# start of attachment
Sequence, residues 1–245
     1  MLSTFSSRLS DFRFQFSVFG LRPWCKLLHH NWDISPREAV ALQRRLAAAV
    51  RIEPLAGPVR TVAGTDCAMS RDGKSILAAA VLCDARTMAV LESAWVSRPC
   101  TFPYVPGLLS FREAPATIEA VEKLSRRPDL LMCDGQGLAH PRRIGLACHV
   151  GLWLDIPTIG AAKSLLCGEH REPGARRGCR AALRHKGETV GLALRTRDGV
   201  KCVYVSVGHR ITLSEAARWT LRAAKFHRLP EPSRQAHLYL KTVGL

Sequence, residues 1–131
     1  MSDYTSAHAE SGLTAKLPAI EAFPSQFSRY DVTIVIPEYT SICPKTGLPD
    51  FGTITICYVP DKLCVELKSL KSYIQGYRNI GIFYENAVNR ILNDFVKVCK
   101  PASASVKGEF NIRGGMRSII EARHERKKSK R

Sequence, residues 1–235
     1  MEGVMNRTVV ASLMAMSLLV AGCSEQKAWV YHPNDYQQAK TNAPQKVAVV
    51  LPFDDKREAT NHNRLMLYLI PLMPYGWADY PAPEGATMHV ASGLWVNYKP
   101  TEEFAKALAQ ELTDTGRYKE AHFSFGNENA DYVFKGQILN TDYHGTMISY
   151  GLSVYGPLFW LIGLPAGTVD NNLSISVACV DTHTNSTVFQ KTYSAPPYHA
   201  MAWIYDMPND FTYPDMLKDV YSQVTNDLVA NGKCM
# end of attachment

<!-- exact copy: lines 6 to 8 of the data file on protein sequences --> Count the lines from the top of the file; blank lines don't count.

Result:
   201  KCVYVSVGHR ITLSEAARWT LRAAKFHRLP EPSRQAHLYL KTVGL

Sequence, residues 1–131
     1  MSDYTSAHAE SGLTAKLPAI EAFPSQFSRY DVTIVIPEYT SICPKTGLPD